Paul knew that his life was coming to an end. It was not going to be a glorious one that would be seen as brave and noble and something that others would aspire to. Paul died alone and seemingly in failure. There is no doubt that Paul had led a life of suffering, persecution and rejection. There had been many triumphs. Paul had brought the Gospel into many different lands and had a profound effect on many people's lives. But he ends it alone in awful conditions and at the hand of an executioner no doubt. However, Paul declares that he has achieved all that he had to achieve and completed all that had been asked of him by God. He looks in triumph at his life coming to an end.
How could Paul have such a view at such an end? It was because of what he saw beyond the end of this life. He saw that in his death he would be delivered to the final triumphant finish where he would be given the crown of righteousness by his own Lord and Saviour, Jesus Christ (2 Timothy 4:8). It is a great lesson for us to see the effects of a life that is looking to the rewards of eternal life with Christ rather than the legacy that has been left from this life. Paul here is prepared to suffer all that would be thrown at him for preaching the Gospel because he knew that that which was to come was far greater. Yet Paul reminds Timothy that this triumph and view is not just for Paul, the great Apostle, but for all who believe in Christ's work at Calvary. How much do we worry about what we accomplish in life, about what people think of us and if we shall be remembered. Yet for those who trust in Christ, we have a future that is far greater than anything we could suffer from, or enjoy in this world. Perhaps our work for Christ would be more profitable if we were concerned about being in His presence one day rather than be concerned about the impression we give to those whom we are presently with.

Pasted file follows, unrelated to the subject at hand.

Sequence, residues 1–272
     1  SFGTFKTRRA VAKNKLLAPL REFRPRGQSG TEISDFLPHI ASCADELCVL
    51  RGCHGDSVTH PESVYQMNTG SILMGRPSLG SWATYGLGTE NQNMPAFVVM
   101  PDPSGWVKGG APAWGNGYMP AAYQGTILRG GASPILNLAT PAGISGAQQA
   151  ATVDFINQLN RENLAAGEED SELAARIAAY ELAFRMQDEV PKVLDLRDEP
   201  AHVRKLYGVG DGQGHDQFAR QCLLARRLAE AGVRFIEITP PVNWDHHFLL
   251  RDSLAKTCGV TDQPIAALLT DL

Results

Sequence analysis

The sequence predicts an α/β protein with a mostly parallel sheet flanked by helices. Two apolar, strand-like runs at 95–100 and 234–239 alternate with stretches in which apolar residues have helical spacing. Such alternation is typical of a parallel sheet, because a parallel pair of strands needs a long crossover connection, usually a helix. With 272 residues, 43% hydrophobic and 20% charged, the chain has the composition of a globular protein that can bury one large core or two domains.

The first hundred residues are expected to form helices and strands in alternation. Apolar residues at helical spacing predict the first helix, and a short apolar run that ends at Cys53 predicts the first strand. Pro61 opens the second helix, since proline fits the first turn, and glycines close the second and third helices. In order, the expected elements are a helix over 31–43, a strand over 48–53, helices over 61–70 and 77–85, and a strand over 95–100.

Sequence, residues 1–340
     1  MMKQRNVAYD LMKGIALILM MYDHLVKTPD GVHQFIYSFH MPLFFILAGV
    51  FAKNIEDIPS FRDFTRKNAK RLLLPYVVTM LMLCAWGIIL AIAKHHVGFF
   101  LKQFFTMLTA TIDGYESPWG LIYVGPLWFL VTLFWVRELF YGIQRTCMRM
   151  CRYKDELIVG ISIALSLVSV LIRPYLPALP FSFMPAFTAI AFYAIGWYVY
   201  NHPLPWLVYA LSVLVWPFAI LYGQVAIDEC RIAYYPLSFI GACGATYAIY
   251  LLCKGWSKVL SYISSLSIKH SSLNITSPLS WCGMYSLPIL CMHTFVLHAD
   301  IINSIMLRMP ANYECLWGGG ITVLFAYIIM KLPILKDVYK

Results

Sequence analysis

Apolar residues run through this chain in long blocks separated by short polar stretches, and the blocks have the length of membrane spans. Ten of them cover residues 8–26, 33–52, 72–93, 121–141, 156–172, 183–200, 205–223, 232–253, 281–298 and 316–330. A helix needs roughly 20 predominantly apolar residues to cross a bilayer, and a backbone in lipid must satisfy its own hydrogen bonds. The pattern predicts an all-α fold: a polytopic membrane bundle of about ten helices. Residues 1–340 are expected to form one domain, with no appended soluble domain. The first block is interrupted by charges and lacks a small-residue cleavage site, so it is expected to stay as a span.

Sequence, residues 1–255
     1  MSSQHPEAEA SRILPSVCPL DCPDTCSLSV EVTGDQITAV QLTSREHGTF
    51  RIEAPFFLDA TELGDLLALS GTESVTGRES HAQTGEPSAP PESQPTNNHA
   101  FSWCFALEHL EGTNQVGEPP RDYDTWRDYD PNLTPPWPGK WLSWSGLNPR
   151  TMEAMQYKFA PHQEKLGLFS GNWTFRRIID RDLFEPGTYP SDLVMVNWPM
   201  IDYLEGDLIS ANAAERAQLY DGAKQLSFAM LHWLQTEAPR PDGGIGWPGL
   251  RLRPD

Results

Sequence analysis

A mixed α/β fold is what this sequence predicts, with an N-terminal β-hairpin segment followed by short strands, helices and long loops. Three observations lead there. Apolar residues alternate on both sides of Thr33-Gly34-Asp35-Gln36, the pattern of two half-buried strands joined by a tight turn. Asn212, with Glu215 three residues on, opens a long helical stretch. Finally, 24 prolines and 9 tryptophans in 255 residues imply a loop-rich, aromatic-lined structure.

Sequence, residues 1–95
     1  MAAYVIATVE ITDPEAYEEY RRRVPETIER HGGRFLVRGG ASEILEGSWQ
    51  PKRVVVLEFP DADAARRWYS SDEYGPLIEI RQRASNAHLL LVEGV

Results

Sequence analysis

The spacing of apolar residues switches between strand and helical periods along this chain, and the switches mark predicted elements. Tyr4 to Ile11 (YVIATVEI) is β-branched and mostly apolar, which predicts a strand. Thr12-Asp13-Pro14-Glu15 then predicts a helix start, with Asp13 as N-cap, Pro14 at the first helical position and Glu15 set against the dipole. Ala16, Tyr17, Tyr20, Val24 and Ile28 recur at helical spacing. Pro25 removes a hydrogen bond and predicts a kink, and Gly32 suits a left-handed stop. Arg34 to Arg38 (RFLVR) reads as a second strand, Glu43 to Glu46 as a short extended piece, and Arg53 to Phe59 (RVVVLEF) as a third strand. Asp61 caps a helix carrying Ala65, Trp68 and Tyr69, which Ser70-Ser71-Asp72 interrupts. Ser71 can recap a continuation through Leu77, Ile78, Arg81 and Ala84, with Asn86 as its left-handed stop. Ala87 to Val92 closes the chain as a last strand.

Paul then goes on to describe his present condition and the fact that he was virtually left alone now that he was in prison. 2 Timothy 4:9-16 provide a brief outline of what he had recently been going through. It is important that this aspect has been left to the latter part of his epistle.
Paul's primary aim was to encourage Timothy to continue on with the work for the Lord but he is still led of the Holy Spirit to disclose his current issues. Perhaps we can take a few lessons from this. Paul was informing Timothy of how he was getting on. He doesn't write to moan or to complain about how he was, but to state the facts of his present condition.